Let’s get to the issue at hand, Bill: Were you on the battlefield — or not?

O'Reilly, Williams put media under the scope

Yes, there’s actually a lot of good that can come from the controversies surrounding two prominent broadcast journalists.

It is that the media — both print and broadcast — have been put on high alert to be sure they’re telling the truth and leave no doubt to their readers, viewers and listeners.

The world is watching. Carefully.


* Brian Williams of NBC News has suspended without pay for six months. His transgression? “Misremembering,” which is what he calls it, an event in which he reported being shot down by a rocket in Iraq in 2003. It didn’t happen that way, despite Williams’s telling of the tale. His credibility is in tatters and likely is damaged beyond repair.

* Now comes a blistering report that Fox News host Bill O’Reilly allegedly misrepresented his reporting from the 1982 Falklands War fought between Britain and Argentina. O’Reilly has said repeatedly he reported from the remote island battlefields. Mother Jones magazine has challenged O’Reilly’s assertion, to which O’Reilly — as is his style — responded by calling the writer David Corn a “guttersnipe” and a liar. A former colleague at CBS, where O’Reilly was working at the time, also has challenged Bill O’s account of where he was during that brief war. This one isn’t over.

Throughout all of this has been an interesting analysis of how the media do their job.

The U.S. Constitution protects the media from government interference, so there cannot be a government policing arm established to ensure the media tell the truth. That has to come from within the industry. And within all broadcast and cable news networks, as well as all print organizations, there must be some serious in-house discussions taking place to ensure that everyone who reports the news does so with impeccably.

There can be no doubt about the truth of what’s being reported.

The good that comes from all this tempest and tumult must be that journalists of all stripes are put on notice that the world is watching them with keen eyes and is tuning in with ears that hear everything.


Williams is unlikely to return to his anchor desk at NBC. As for O’Reilly and his career at Fox, well, stay tuned for that one. O’Reilly is always — always! — ready to unload against his accusers. He’ll just have to answer one question: Can you prove you were in the middle of the fight? If so, then let’s see the proof.


'Bloviator' O'Reilly's war coverage challenged

Bill O’Reilly’s brand on TV news is one of confrontation and — some would suggest — self-serving excess.

OK, I’ll suggest it, too. O’Reilly is full of himself at times.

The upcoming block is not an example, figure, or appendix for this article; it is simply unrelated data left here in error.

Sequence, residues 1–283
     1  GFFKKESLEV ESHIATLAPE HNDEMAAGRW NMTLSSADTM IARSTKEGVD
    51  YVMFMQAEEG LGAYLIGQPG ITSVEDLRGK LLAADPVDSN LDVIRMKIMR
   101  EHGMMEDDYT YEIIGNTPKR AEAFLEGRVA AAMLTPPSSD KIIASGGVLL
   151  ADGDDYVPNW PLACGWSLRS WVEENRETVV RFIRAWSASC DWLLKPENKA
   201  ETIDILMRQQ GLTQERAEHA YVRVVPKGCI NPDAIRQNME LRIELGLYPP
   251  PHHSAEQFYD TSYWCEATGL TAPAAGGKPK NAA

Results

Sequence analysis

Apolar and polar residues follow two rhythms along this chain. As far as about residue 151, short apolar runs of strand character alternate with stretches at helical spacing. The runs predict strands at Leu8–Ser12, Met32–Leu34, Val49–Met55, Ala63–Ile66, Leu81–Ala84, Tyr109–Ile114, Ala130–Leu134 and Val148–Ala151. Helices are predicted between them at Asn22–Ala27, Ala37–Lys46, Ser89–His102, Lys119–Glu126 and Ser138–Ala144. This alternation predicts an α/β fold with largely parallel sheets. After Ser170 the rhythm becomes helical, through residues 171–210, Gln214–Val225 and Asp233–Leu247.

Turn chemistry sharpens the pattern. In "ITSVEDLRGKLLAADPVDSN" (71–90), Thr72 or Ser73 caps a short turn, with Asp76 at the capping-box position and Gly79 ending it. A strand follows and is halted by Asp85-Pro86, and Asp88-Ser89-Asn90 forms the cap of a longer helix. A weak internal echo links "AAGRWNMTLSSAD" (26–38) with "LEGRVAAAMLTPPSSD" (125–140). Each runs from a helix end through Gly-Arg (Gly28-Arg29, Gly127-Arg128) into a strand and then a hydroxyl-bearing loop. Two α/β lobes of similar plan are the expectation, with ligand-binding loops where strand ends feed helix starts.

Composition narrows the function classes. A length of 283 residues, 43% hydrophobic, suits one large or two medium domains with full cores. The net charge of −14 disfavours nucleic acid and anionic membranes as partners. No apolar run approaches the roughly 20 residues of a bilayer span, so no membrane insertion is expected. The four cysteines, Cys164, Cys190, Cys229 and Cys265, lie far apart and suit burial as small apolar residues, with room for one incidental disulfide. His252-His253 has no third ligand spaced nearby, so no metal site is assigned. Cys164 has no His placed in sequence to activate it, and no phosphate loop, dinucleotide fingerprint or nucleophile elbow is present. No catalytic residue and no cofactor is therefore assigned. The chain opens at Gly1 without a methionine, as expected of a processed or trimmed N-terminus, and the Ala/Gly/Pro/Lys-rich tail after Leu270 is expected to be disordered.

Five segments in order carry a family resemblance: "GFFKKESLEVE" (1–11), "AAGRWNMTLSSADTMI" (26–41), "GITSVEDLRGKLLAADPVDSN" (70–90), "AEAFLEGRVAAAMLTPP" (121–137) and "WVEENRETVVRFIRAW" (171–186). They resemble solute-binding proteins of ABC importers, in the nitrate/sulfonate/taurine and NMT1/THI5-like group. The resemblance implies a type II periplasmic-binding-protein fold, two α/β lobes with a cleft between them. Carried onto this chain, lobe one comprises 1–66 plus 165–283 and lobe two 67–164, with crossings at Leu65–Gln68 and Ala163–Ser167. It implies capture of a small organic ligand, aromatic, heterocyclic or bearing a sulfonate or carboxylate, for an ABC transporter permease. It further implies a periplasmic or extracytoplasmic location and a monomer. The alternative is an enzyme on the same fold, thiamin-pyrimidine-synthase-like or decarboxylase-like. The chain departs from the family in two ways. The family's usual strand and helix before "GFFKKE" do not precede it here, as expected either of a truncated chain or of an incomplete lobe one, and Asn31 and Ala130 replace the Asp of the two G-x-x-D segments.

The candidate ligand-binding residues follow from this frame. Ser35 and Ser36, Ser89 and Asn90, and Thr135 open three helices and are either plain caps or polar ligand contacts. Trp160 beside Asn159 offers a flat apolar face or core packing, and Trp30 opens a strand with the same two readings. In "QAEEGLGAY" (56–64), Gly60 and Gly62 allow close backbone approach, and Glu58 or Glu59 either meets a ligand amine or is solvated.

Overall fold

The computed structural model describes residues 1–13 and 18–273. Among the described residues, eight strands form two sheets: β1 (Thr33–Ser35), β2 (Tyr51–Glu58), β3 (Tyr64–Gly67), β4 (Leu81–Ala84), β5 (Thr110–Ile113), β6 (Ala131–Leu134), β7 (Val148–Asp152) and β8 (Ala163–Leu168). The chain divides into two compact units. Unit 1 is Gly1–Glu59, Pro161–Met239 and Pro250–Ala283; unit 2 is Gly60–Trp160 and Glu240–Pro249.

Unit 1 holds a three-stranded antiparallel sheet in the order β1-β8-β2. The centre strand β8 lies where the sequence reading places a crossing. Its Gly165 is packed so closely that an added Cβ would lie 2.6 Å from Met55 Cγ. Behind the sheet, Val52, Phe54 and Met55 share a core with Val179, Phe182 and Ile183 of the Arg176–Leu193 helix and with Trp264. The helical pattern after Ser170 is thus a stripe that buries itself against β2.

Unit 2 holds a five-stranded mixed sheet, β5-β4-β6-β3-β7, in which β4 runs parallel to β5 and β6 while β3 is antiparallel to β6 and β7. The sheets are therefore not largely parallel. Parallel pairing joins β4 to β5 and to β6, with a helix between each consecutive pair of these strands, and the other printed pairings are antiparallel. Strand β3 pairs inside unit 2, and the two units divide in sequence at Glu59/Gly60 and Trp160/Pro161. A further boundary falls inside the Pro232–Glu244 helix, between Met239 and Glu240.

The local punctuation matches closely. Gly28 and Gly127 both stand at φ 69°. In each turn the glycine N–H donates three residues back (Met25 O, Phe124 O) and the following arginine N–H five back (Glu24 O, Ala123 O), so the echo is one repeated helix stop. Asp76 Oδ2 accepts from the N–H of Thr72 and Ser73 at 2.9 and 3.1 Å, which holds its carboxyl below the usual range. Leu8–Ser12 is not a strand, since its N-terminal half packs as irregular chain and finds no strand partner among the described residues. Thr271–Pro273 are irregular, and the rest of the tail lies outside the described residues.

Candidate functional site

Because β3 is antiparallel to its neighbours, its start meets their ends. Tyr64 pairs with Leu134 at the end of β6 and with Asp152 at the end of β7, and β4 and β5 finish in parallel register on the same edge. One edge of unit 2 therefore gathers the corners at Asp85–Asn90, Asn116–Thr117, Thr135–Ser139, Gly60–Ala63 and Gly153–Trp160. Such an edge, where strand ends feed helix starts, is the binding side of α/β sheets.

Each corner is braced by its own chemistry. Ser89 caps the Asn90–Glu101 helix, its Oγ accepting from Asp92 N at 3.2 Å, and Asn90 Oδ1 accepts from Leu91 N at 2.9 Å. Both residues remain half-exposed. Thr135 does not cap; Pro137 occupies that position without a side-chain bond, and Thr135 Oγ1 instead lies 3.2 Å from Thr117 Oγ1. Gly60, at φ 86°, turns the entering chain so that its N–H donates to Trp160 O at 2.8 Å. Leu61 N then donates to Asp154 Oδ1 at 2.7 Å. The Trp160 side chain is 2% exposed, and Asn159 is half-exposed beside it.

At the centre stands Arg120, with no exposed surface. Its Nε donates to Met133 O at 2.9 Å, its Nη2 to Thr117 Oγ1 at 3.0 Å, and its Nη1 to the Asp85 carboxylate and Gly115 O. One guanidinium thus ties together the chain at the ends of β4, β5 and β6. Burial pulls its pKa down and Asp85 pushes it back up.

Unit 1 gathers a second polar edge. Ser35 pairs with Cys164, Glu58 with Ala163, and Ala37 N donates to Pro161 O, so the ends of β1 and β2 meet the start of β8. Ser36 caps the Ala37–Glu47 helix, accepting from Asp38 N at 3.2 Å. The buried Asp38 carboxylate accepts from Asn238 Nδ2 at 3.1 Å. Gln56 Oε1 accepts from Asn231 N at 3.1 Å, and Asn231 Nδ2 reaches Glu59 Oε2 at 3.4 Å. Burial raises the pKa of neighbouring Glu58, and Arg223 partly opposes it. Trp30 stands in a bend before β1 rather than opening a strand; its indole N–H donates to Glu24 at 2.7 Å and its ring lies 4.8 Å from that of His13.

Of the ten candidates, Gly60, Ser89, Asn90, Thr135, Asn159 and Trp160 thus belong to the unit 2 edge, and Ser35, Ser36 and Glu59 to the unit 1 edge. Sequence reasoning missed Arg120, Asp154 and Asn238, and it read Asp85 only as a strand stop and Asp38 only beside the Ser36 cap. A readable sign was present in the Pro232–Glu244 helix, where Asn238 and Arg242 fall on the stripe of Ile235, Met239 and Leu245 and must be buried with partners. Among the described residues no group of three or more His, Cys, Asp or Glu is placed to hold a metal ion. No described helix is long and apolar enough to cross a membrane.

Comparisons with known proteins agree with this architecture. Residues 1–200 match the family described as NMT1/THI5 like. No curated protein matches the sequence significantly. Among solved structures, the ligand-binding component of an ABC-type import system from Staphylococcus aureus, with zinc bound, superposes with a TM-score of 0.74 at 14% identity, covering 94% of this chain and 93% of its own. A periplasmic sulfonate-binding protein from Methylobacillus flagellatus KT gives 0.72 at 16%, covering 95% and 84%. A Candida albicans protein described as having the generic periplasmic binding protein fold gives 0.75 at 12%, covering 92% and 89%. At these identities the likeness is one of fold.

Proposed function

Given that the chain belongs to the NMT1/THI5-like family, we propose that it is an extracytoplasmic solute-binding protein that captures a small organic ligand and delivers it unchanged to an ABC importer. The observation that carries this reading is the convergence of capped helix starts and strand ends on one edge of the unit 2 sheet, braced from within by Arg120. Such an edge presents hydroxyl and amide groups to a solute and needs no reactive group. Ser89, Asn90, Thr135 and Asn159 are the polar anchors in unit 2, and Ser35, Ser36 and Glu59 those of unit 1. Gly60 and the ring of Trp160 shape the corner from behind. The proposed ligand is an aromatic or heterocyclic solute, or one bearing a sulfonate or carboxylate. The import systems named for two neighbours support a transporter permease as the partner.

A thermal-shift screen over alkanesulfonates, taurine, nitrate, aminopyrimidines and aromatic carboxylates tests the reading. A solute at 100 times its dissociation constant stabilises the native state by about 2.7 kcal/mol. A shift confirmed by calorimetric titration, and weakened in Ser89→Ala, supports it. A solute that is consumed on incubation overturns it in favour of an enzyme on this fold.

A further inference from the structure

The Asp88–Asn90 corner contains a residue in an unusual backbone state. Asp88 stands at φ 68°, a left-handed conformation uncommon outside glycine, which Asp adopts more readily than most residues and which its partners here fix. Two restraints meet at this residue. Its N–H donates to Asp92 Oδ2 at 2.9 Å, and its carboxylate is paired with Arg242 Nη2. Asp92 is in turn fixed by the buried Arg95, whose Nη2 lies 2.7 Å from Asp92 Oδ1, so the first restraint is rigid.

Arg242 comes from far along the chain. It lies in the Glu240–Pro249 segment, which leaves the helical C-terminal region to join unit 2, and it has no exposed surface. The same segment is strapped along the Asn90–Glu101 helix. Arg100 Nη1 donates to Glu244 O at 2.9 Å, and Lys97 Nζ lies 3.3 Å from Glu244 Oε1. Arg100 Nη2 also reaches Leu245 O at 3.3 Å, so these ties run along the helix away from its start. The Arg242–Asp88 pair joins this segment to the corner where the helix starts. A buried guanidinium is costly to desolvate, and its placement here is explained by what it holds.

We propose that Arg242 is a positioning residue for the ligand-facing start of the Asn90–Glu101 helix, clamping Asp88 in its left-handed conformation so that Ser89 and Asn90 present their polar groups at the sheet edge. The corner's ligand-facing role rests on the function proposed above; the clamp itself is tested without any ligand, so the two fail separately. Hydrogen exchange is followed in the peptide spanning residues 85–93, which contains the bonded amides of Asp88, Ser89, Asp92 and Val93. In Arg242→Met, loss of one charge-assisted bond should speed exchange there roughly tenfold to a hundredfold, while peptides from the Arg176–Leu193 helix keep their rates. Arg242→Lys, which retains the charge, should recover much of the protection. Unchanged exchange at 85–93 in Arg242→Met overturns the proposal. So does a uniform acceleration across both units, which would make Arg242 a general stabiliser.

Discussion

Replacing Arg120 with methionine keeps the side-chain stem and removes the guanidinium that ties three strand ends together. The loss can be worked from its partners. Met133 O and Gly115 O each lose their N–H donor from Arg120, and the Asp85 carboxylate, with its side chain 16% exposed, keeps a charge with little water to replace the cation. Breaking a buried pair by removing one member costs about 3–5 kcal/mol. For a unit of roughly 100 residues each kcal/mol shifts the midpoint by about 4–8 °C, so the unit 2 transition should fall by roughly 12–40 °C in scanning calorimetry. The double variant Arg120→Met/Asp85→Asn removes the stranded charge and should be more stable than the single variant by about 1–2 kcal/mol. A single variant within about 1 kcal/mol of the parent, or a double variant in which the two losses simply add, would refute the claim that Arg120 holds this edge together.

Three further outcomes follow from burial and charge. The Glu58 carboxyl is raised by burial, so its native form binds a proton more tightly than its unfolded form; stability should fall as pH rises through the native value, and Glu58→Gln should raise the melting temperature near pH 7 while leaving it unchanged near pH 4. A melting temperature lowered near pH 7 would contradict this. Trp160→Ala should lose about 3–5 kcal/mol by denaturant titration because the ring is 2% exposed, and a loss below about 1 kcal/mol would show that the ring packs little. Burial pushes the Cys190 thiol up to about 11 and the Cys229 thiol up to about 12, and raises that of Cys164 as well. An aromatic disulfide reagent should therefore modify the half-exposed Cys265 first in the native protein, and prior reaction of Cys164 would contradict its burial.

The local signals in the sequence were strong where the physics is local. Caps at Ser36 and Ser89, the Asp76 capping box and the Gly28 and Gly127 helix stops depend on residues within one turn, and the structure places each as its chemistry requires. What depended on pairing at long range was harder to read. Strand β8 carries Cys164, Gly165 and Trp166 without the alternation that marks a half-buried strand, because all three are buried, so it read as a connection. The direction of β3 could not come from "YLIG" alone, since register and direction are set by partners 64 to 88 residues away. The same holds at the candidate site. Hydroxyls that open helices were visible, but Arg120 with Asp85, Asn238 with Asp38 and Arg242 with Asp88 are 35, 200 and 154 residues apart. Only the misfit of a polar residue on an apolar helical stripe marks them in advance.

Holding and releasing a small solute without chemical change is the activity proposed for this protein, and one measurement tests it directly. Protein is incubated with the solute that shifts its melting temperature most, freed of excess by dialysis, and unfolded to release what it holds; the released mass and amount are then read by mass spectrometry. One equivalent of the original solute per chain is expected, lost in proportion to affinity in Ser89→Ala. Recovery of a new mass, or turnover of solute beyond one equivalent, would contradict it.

He’s been all over the Brian Williams story and the now-admitted “misremembering” about the NBC News anchor being shot down in Iraq in 2003.

Well, the self-proclaimed bloviator is now facing a challenge of his own, from Mother Jones magazine, over whether O’Reilly actually witnessed combat during the brief war in the remote Falkland Islands in 1982, when Great Britain sent a flotilla to its territorial possession to rid the place of Argentine troops who had taken the island illegally.

“I was there,” O’Reilly has contended all along. Mother Jones disputes O’Reilly’s assertion.


This story is still developing, but as MSN reported, O’Reilly has been quick — imagine that — to respond to the allegations that Mother Jones has made that the correspondent did not face hostile fire, as he has reported for more than three decades.

MSN reports: “The (Mother Jones) website’s David Corn highlights several instances where the Fox News primetime host claimed to have covered the 1982 fighting in the Falklands War between Argentina and England up close–the issue is few reporters were able to cover the conflict up close due to the remote location of the war zone.”

I’m not going to make an assessment here of whether O’Reilly fibbed about his war coverage. I will, however, suggest that the Fox News TV talk show star’s aggressive reporting of others’ troubles — such as Brian Williams — exposes him to careful scrutiny by other watchdogs to ensure that he’s as righteous as he claims to be.

Here’s the Mother Jones article that O’Reilly asserts is “bulls***.” It’s lengthy. It’s also quite interesting and carefully detailed.


See for yourself. Is David Corn merely a “left-wing assassin,” as O’Reilly asserts, or is he an aggressive reporter?

As for O’Reilly, it appears he has to explain himself — without resorting to name-calling.